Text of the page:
Report rate and sleep mode work together to define how the capacitive touch sensors are sampled, as shown in Figure 2. Report rate defines how often the sensors are sampled by the A-to-D converter. When a sensor is sampled, the capacitive sensing controller is in active mode. When a sensor is not being sampled, the controller can be put into sleep mode. In sleep mode, the controller powers down all internal blocks and peripherals. This mode is supported by most of the capacitive sensing controllers on the market.
Figure 2: Sensor sampling with sleep mode
Click on image to enlarge
Selecting a low report rate and a longer sleep time are the keys to reducing the average power consumption. Report rate and sleep mode directly affect the capacitive sensing controller’s average current consumption, as defined in Equation 1.
Equation 1: Average current calculation
IActive = Current consumed by the controller when it is sampling a sensor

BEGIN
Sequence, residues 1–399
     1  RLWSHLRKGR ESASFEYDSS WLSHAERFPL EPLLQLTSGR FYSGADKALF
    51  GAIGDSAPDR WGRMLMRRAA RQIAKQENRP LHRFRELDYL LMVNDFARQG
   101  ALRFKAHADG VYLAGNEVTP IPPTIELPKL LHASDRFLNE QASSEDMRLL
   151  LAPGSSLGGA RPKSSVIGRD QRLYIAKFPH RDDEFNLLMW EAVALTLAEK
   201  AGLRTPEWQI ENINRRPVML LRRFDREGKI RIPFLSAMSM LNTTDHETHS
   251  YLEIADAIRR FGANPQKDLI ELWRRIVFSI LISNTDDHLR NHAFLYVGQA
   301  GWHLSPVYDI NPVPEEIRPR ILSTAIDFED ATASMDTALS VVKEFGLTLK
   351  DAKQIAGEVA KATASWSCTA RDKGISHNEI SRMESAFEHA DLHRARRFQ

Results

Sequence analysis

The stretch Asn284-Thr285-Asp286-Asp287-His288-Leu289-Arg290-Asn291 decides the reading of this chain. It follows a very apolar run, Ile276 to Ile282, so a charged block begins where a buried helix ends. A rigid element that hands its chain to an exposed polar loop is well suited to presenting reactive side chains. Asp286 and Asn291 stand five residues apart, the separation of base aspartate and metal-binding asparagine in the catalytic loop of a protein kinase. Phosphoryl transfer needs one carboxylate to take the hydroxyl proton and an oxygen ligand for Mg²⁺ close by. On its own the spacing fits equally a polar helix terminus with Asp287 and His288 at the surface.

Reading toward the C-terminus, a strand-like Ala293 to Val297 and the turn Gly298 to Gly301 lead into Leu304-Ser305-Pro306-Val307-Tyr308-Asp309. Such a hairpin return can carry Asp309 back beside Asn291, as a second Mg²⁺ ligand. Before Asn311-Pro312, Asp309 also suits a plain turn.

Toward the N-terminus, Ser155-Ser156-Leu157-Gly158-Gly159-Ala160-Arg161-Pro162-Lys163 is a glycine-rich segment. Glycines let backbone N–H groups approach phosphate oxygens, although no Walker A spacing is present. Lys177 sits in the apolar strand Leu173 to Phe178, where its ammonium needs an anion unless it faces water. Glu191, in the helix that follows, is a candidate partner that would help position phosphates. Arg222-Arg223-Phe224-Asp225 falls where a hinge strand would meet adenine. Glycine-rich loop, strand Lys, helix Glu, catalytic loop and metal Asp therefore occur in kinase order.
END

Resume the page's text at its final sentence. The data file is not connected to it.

TActive = Time it takes the controller to sample all of the sensors
ISleep = Current consumed by the controller when it is in sleep mode
TSleep = Amount of time the controller remains in sleep mode
As a general rule of thumb, a human finger cannot touch a button faster than 150 ms. Typical A-to-D conversion times range from 200—6000 µs. This means that several A-to-D conversions can be performed during the 150 ms a sensor is being touched. Optimize the report rate for your specific A-to-D conversion time.
Reducing CP helps to reduce TActive because the controller can use a lower A-to-D converter resolution. Selecting a capacitive sensing controller with lower active current reduces IActive. Keep in mind that sleep mode current has a minimal impact on the average current.
Hi, Article details about the management of activities to enhance battery life but didn't discuss the details of the measurement of capacitance which the most critical part of this technology. Measurement of C using A/D is not straight forward & needs a lot of consideration to avoid false or no key detection.
David Patterson, known for his pioneering research that led to RAID, clusters and more, is part of a team at UC Berkeley that recently made its RISC-V processor architecture an open source hardware offering. We talk with Patterson and one of his colleagues behind the effort about the opportunities they see, what new kinds of designs they hope to enable and what it means for today’s commercial processor giants such as Intel, ARM and Imagination Technologies.